Well-articulated documents will not eradicate poverty: Kameeta

09 Jul 2015 18:40pm
WINDHOEK, 09 JUL (NAMPA) - The annual NGO Expo and Symposium opened in the capital on Thursday morning.
Held under the theme of poverty eradication and the slogan “together we can”, the three-day expo aims to engage both non-governmental organisations (NGOs) as well as Government bodies in dialogue in order to find concrete tools to fight poverty in Namibia.
In a speech delivered on his behalf, the Minister of Poverty Eradication and Social Welfare Zephania Kameeta stated that the major goals of the new ministry is to implement targeted, need-driven and sustainable poverty reduction in the whole of Namibia.
In order to reach the set goals, the ministry will embark upon a series of nationwide consultative dialogues in order to seek opinion from different stakeholders, he said.
“Poverty eradication can only be attained if we pause and take stock of all our development efforts, but for once recognise that the poor are the key stakeholders in the fight against poverty,” the minister said.
Kameeta said these dialogues will in turn be translated into actions and eventually culminate into a national conference on poverty eradication and lay out a national blue print on poverty eradication.
The schedule of the discussions and the national blue print were not stated.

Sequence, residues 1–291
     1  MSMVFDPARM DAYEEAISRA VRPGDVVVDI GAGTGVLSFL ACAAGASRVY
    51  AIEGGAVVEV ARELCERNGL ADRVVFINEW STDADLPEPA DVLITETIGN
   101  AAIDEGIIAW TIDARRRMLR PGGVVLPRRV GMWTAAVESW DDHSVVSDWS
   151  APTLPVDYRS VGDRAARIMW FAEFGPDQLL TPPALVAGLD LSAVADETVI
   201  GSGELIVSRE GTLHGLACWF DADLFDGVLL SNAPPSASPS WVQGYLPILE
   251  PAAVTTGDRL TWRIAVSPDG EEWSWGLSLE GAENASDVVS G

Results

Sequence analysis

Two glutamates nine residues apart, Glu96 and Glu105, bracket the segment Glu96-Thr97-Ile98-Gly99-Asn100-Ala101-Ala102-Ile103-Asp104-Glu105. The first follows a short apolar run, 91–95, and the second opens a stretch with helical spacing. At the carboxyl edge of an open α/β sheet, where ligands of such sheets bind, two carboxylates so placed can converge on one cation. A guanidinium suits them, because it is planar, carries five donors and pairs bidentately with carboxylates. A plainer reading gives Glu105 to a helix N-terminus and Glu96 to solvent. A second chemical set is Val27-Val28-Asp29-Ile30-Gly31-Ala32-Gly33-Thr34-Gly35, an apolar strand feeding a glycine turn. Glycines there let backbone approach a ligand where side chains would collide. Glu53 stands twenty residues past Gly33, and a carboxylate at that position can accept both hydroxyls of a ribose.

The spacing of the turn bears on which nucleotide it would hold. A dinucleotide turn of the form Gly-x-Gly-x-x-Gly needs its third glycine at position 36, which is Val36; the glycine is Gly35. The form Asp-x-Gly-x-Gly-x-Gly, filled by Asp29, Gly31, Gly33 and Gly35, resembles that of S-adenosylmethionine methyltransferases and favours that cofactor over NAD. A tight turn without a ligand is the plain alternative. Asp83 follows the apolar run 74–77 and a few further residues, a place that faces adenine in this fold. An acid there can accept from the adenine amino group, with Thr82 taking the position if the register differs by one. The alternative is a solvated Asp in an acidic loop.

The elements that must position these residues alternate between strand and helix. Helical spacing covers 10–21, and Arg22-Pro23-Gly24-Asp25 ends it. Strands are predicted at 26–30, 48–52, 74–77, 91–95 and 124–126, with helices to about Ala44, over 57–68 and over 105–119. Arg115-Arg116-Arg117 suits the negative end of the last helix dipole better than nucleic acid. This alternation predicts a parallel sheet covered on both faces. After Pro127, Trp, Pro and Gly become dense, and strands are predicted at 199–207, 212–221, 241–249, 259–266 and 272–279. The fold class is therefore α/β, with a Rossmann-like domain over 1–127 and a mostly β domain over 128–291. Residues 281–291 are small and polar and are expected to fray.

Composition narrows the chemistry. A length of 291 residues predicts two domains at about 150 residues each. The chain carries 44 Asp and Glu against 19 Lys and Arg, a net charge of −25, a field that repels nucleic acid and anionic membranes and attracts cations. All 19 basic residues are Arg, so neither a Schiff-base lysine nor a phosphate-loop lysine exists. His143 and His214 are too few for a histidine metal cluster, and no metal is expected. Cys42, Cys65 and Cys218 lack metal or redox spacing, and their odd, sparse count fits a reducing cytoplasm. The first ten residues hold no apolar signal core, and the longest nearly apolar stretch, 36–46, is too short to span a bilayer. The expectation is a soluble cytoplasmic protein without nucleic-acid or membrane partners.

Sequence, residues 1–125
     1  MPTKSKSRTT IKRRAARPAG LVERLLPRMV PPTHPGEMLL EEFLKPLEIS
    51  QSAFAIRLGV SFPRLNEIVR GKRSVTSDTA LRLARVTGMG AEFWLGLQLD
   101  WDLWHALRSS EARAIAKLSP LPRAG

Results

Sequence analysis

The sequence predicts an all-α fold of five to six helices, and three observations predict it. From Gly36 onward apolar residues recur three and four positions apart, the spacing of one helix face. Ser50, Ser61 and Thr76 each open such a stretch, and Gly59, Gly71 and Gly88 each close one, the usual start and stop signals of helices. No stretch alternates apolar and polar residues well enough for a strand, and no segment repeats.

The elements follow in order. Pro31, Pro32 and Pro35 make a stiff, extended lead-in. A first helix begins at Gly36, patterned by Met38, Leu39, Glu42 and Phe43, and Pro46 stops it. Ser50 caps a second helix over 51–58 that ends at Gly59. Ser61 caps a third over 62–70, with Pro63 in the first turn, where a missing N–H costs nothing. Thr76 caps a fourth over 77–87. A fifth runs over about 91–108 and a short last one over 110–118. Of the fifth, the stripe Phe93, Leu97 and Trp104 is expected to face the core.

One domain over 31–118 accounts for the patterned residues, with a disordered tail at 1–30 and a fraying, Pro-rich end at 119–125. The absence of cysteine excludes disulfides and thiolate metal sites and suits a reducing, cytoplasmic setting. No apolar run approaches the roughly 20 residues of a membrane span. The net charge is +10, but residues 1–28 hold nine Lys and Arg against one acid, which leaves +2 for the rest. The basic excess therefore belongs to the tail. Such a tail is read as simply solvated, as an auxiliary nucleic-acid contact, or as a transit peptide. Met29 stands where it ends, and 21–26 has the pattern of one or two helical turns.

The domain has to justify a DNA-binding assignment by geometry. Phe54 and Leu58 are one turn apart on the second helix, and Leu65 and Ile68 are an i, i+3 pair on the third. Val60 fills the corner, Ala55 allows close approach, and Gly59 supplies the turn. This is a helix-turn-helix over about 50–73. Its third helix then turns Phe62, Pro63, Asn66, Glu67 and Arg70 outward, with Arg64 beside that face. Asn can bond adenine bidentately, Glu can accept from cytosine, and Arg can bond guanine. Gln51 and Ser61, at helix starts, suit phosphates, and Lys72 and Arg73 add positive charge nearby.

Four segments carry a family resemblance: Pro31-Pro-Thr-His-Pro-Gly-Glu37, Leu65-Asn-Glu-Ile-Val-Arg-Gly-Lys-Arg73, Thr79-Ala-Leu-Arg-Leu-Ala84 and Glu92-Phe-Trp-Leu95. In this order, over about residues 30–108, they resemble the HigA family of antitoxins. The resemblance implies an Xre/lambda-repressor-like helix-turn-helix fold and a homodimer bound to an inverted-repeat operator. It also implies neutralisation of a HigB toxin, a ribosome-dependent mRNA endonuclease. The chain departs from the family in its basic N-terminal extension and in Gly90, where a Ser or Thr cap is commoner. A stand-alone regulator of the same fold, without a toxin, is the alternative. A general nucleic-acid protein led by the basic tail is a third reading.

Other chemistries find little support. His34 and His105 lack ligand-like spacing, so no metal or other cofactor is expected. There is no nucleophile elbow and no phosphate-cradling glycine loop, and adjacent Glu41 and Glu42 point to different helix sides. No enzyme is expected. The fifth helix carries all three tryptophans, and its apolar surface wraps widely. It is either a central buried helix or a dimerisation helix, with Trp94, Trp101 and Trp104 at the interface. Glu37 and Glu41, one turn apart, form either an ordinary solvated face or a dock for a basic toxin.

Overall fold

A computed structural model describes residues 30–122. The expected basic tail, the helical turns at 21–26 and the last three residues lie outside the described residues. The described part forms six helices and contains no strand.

The minister did not specify concrete examples of how poverty will be fought, but stressed that the poorest will not live from well-articulated documents.
Also speaking during the event, Windhoek Mayor Muesee Kazapua listed efforts by the City to eradicate poverty.
These efforts include soup kitchens, shelters for both elderly and children, income-generating projects and the upgrade of informal settlements.
The mayor also drew attention to developments on the Windhoek food bank, saying the City has already reserved land for the envisaged food bank.
He underlined that action for change has been taken and are continuously developed, and reminded residents that the issue of housing, urbanisation and unemployment are yet to be answered.
“As a council, we are called to duty to find solutions to these social inadequacies; a task which the City cannot successfully deal with alone, owing to lack of adequate financial resources,” said Kazapua.
Even though Namibia has seen a drastic decline in poverty from 69,3 per cent in 1994 to 28,7 per cent in 2009, statistics provided by the World Bank reveal that Namibia remains one of the most unequal countries in the world when it comes to income distribution.